In accordance with another aspect of the present invention, there is provided a method of generating a high-pass M-bit pseudorandom dither signal having a period of 2N−1 and a substantially uniform PDF, where N>M. The method includes generating a binary pseudorandom sequence, using an order N linear feedback shift register (LFSR) that has N storage elements that change with each clock cycle; with each clock cycle, forming an M-bit binary number from M of the N storage elements; and high-pass filtering a sequence of the M-bit binary numbers, to form the high-pass M-bit pseudorandom dither signal.

In accordance with another aspect of the present invention, there is provided a circuit for generating an M-bit dither signal with a period 2N−1 wherein N>M. The circuit includes a linear feedback shift register (LFSR) with N memory elements. Each memory element has a data input, a data output and a clock input accepting a clock signal. The memory elements are interconnected sequentially, accepting an input signal and providing an output signal at each cycle of the clock signal. The circuit also includes a feedback network interconnecting data outputs of predetermined memory elements and feeding a data input of one of the memory elements to produce a pseudorandom sequence of bits in the N memory elements. The circuit also includes a high-pass filter interconnecting a subset of the memory elements to produce the M-bit dither signal.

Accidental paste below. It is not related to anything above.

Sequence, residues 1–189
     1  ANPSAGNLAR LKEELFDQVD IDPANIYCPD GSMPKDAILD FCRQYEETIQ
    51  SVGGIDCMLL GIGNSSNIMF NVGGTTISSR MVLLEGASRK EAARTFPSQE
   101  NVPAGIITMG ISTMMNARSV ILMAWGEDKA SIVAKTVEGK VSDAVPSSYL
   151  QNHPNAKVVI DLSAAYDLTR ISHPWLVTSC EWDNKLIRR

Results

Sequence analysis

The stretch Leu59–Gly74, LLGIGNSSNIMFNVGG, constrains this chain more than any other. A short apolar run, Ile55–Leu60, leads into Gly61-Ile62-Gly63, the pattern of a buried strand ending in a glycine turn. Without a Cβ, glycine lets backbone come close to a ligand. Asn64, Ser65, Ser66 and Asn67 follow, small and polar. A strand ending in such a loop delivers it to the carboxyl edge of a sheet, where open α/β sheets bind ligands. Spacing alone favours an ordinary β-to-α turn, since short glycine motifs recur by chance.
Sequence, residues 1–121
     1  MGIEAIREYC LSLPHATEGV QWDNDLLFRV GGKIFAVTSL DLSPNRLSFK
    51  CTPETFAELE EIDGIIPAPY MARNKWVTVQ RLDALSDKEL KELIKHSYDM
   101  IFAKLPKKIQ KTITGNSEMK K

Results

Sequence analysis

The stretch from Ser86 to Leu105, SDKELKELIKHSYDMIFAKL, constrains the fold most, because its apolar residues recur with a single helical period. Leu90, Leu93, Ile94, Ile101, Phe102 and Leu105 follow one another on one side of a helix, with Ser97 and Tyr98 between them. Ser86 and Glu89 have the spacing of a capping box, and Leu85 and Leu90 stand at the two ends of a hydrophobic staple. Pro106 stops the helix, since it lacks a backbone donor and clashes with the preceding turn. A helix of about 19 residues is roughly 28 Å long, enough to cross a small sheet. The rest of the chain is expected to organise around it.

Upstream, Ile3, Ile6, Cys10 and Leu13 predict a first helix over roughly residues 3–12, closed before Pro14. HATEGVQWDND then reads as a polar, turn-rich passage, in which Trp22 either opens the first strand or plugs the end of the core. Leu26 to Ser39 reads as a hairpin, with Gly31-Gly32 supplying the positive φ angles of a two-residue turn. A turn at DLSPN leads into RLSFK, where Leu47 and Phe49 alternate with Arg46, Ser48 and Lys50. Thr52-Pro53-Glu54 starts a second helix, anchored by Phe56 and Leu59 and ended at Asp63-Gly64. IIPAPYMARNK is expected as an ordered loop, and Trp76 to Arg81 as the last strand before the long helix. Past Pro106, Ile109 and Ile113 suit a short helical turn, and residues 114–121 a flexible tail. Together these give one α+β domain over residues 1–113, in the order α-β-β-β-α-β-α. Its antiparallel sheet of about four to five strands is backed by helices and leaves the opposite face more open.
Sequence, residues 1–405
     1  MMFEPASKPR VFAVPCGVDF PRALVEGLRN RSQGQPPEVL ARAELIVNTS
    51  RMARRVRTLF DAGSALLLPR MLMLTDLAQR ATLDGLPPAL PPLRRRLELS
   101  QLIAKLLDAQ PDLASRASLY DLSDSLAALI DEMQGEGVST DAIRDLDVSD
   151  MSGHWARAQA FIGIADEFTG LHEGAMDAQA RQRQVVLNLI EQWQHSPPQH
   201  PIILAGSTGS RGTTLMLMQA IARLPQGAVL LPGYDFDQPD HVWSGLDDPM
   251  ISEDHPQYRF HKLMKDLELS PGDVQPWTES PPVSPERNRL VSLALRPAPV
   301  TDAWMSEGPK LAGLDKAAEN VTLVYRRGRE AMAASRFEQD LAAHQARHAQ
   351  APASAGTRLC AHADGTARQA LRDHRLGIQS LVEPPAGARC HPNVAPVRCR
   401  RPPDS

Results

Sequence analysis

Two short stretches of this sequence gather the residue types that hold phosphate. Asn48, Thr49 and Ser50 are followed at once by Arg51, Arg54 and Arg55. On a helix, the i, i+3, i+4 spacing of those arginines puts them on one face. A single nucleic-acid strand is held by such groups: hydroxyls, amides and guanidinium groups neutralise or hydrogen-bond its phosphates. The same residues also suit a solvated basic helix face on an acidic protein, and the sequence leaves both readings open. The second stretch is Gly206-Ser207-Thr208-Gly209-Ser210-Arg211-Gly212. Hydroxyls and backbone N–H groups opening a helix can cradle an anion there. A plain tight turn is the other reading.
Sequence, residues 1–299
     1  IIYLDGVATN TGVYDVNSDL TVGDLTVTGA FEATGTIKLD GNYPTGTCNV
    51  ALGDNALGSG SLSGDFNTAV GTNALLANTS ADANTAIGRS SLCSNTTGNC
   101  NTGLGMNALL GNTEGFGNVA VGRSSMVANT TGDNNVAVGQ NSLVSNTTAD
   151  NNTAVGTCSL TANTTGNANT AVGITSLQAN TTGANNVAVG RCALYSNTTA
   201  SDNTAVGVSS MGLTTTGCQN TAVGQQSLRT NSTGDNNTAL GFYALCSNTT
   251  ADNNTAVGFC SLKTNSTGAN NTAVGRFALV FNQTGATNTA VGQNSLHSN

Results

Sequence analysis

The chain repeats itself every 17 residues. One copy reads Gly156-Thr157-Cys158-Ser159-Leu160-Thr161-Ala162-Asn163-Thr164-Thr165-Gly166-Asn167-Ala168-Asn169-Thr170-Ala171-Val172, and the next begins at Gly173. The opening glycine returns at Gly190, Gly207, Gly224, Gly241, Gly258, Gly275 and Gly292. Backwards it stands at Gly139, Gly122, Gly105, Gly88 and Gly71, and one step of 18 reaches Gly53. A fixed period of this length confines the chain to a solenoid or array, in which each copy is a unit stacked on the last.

In accordance with yet another aspect of the present invention, there is provided a dither generator for generating an M bit dither signal. The generator includes an N-bit linear feedback shift register (LFSR) connected in feedback using a connection polynomial of order N; and a high-pass filter to receive the contents of M registers of the LFSR, in each clock cycle of the LFSR, where M<N, to filter the contents to produce the M-bit dither signal.

Other aspects and features of the present invention will become apparent to those of ordinary skill in the art upon review of the following description of specific embodiments of the invention in conjunction with the accompanying figures.

BRIEF DESCRIPTION OF THE DRAWINGS

In the figures which illustrate by way of example only, embodiments of the present invention,

FIG. 1 is a simplified block diagram of a quantizer with an input signal and a quantized output signal;

FIG. 2 is a simplified block diagram of a quantizer with both an input signal and a dither signal at its input and a quantized signal at its output;

FIG. 3 is a plot of output values as a function of input values for the quantizer depicted in FIGS. 1-2;